I am stealing a bit from Netflix’s adage of “highly aligned, loosely coupled.” In order for self-motivated people to do their best work, they need a direction and then autonomy. As a leader of the company, I am responsible for setting that direction. That direction must be communicated very clearly so that everyone understands it and can act on it. Often times, in business, we talk about transparency, but full transparency is rarely accomplished or even desired. This promise is mostly about giving the most information possible to let you decide for yourself. If you make a poor decision because you did not have enough context, then that is my fault, and I need to correct for it.
“I will trust that your decisions and actions are in the best interest of X.”
I’m reminded of a quote from “Sports Night” in which the station boss explains to a relatively new hire that he is expected to speak his mind:
…when you feel that strongly about something you have a responsibility to try and change my mind.1
The way I remember the quote is more like this:
We hired you and put our trust in you. If you disagree with me, it is your responsibility to convince me to change my mind.
The point is that if I am going to hire someone, I want them to feel fully empowered to make good decisions on their own and know that I trust them to do so. In fact, I am relying on them to do so. I cannot make all decisions for the company, and I should not. There will be people who are much better at their jobs than I am. If I have set up the direction for them, then I need to trust they will work as best as they possibly can to move us in that direction.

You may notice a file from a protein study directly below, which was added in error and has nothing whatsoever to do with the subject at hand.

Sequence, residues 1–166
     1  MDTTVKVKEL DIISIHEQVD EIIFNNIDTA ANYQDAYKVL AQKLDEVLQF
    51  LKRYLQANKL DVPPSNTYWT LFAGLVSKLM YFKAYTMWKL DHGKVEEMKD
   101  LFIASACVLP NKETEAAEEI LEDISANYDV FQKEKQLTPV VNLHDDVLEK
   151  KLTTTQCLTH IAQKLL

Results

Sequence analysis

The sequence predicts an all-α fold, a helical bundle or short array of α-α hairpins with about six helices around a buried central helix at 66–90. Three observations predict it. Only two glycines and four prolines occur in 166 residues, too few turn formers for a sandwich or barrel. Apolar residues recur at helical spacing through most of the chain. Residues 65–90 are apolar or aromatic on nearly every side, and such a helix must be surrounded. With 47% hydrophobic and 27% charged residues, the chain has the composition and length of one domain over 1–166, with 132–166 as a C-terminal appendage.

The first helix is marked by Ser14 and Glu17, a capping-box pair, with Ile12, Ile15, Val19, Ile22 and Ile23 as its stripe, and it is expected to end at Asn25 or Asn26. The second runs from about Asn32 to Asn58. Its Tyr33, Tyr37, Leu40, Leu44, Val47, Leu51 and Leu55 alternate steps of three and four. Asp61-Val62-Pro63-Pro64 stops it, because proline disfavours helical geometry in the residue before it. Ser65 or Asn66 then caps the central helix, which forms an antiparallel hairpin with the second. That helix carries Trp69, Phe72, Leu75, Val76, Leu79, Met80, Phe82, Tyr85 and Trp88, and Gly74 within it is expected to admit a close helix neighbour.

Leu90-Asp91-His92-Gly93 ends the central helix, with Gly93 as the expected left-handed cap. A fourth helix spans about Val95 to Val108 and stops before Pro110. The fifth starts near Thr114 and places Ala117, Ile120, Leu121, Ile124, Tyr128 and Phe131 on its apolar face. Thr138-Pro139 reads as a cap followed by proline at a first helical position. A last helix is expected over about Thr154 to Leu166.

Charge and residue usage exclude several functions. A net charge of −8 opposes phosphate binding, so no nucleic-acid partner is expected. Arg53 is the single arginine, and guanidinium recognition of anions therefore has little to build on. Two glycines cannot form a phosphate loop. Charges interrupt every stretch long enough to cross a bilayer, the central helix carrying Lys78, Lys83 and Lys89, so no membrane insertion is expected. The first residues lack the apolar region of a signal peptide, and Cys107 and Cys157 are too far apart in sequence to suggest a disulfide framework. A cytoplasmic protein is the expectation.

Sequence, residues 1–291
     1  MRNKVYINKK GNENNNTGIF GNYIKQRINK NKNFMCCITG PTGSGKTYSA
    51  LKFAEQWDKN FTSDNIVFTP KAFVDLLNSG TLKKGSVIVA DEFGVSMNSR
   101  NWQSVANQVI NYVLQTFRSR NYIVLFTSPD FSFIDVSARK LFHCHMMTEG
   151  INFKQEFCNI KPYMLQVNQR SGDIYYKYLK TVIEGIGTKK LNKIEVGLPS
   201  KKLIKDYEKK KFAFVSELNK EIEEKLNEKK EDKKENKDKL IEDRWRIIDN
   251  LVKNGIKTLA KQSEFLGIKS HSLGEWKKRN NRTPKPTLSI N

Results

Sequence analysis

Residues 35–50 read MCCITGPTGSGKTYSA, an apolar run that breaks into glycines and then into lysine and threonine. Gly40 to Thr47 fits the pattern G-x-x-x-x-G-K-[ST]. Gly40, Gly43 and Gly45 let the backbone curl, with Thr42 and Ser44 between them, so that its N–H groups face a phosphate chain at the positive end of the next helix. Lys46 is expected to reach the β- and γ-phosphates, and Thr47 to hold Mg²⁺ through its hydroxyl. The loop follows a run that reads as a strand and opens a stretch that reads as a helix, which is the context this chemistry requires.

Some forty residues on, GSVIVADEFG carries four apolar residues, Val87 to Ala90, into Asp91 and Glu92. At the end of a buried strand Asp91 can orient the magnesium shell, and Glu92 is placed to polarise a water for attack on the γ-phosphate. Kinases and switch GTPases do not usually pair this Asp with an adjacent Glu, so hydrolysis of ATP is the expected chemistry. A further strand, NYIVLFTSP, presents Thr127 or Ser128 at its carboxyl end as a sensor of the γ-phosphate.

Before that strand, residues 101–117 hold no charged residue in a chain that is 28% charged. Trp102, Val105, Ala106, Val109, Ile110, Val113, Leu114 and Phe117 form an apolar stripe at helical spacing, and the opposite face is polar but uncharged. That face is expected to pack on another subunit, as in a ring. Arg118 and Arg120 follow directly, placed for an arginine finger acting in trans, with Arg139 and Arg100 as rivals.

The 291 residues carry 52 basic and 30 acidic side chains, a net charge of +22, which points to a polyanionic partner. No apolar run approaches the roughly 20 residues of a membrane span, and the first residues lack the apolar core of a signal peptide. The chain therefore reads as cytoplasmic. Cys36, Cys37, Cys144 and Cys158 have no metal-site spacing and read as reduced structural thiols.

Of course there would likely need to be some legally binding agreements about intellectual property, competition, etc, and probably some discussion about salary and equity, but I want to see the beginning of the contract start with an explanation and promise of expectations of both the employer and the employee. It is very important to have an entire company all understand the basic premise of operations from the very start. Everyone should able to easily answer the question, “How are we supposed to be working together?” In today’s business world, it is unfortunately not such an easy question to answer.
The full quote, as transcribed by Why Sanity is, “Now, you had an obligation to tell us how you felt. Partly because I don’t like getting a phone call saying I put one of my people in the hospital. But mostly because when you feel that strongly about something you have a responsibility to try and change my mind. Did you think I would fire you simply because you made a convincing argument? It’s taken me a lot of years but I’ve come around to this: If you’re dumb, surround yourself with smart people. And if you’re smart, surround yourself with smart people who disagree with you. I’m an awfully smart man and Mark Sabath is an idiot. He had you and he blew it. You’re gonna do great here, but you gotta trust us. You fit in on your own time. When you come to work for me you show up to play. (pause) I’m going home. (gets his coat) You don’t know us very well. So if it’s hard trusting us at the beginning, maybe it’ll help to know that… we trust you. Good night.!” That is pretty awesome. ↩